US8652288B2 - Reinforced acoustical material having high strength, high modulus properties - Google Patents

Reinforced acoustical material having high strength, high modulus properties Download PDF

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US8652288B2
US8652288B2 US11512017 US51201706A US8652288B2 US 8652288 B2 US8652288 B2 US 8652288B2 US 11512017 US11512017 US 11512017 US 51201706 A US51201706 A US 51201706A US 8652288 B2 US8652288 B2 US 8652288B2
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acoustic
core layer
composite material
fibers
method
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US20080057283A1 (en )
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Arthur Blinkhorn
Terry L. Cheney
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Owens Corning Intellectual Capital LLC
OCV Intellectual Capital LLC
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OCV Intellectual Capital LLC
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    • GPHYSICS
    • G10MUSICAL INSTRUMENTS; ACOUSTICS
    • G10KSOUND-PRODUCING DEVICES; METHODS OR DEVICES FOR PROTECTING AGAINST, OR FOR DAMPING, NOISE OR OTHER ACOUSTIC WAVES IN GENERAL; ACOUSTICS NOT OTHERWISE PROVIDED FOR
    • G10K11/00Methods or devices for transmitting, conducting or directing sound in general; Methods or devices for protecting against, or for damping, noise or other acoustic waves in general
    • G10K11/002Devices for damping, suppressing, obstructing or conducting sound in acoustic devices
    • BPERFORMING OPERATIONS; TRANSPORTING
    • B32LAYERED PRODUCTS
    • B32BLAYERED PRODUCTS, i.e. PRODUCTS BUILT-UP OF STRATA OF FLAT OR NON-FLAT, e.g. CELLULAR OR HONEYCOMB, FORM
    • B32B5/00Layered products characterised by the non- homogeneity or physical structure, i.e. comprising a fibrous, filamentary, particulate or foam layer; Layered products characterised by having a layer differing constitutionally or physically in different parts
    • B32B5/22Layered products characterised by the non- homogeneity or physical structure, i.e. comprising a fibrous, filamentary, particulate or foam layer; Layered products characterised by having a layer differing constitutionally or physically in different parts characterised by the presence of two or more layers which are next to each other and are fibrous, filamentary, formed of particles or foamed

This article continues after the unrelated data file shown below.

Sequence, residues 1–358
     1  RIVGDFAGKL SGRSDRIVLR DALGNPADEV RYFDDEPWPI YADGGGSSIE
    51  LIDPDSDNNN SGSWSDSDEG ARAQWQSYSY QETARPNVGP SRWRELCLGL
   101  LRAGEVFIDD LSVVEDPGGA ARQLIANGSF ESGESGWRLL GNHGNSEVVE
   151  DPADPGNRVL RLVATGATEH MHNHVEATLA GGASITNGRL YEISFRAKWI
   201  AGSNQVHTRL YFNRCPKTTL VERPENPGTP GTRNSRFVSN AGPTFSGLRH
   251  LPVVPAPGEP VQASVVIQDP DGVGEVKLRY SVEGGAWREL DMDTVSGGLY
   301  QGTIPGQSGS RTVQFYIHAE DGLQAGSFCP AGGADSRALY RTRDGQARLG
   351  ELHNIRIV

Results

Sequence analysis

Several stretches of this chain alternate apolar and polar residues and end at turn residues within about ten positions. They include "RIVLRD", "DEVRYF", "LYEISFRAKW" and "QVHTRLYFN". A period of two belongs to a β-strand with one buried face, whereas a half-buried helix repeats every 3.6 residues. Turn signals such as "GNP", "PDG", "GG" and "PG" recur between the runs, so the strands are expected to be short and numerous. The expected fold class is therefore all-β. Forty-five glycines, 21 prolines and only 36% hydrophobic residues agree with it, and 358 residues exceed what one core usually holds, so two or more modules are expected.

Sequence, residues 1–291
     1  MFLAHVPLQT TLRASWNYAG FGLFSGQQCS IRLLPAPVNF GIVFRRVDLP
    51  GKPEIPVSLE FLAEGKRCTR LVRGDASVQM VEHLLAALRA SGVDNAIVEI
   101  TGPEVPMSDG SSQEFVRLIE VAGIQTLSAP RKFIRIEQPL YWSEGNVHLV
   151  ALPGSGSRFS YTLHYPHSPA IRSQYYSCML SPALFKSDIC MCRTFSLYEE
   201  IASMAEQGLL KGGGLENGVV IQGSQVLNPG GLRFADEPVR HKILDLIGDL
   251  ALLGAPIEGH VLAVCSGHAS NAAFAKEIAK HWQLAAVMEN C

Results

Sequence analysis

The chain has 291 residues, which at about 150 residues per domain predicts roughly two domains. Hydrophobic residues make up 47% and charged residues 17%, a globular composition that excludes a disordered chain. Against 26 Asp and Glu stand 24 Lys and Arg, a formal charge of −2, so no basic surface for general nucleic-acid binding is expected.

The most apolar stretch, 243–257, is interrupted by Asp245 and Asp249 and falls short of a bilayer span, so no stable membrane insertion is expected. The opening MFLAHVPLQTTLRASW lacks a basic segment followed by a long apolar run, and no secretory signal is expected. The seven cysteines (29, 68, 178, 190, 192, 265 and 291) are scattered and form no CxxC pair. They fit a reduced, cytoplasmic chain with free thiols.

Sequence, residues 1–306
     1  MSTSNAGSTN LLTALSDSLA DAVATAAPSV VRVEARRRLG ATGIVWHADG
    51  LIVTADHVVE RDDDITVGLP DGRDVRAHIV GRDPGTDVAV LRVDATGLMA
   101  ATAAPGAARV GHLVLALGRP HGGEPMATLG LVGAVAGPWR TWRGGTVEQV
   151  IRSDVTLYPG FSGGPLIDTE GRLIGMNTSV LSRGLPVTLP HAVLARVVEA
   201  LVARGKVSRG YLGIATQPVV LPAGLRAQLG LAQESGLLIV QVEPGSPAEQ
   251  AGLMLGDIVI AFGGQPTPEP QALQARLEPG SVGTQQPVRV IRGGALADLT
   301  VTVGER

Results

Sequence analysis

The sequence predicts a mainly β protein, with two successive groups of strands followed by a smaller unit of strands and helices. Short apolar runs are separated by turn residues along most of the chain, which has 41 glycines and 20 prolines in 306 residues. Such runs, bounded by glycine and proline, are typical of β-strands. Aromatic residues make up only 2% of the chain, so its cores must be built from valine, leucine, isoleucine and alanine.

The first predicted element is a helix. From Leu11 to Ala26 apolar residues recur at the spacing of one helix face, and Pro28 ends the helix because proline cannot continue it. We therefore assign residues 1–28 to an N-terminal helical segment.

• B32B5/24Layered products characterised by the non- homogeneity or physical structure, i.e. comprising a fibrous, filamentary, particulate or foam layer; Layered products characterised by having a layer differing constitutionally or physically in different parts characterised by the presence of two or more layers which are next to each other and are fibrous, filamentary, formed of particles or foamed one layer being a fibrous or filamentary layer
    • B32B5/26Layered products characterised by the non- homogeneity or physical structure, i.e. comprising a fibrous, filamentary, particulate or foam layer; Layered products characterised by having a layer differing constitutionally or physically in different parts characterised by the presence of two or more layers which are next to each other and are fibrous, filamentary, formed of particles or foamed one layer being a fibrous or filamentary layer another layer next to it also being fibrous or filamentary
    • DTEXTILES; PAPER
    • D04BRAIDING; LACE-MAKING; KNITTING; TRIMMINGS; NON-WOVEN FABRICS
    • D04HMAKING TEXTILE FABRICS, e.g. FROM FIBRES OR FILAMENTARY MATERIAL; FABRICS MADE BY SUCH PROCESSES OR APPARATUS, e.g. FELTS, NON-WOVEN FABRICS; COTTON-WOOL; WADDING NON-WOVEN FABRICS FROM STAPLE FIBRES, FILAMENTS OR YARNS, BONDED WITH AT LEAST ONE WEB-LIKE MATERIAL DURING THEIR CONSOLIDATION
    • D04H1/00Non-woven fabrics formed wholly or mainly of staple fibres or like relatively short fibres
    • D04H1/40Non-woven fabrics formed wholly or mainly of staple fibres or like relatively short fibres from fleeces or layers composed of fibres without existing or potential cohesive properties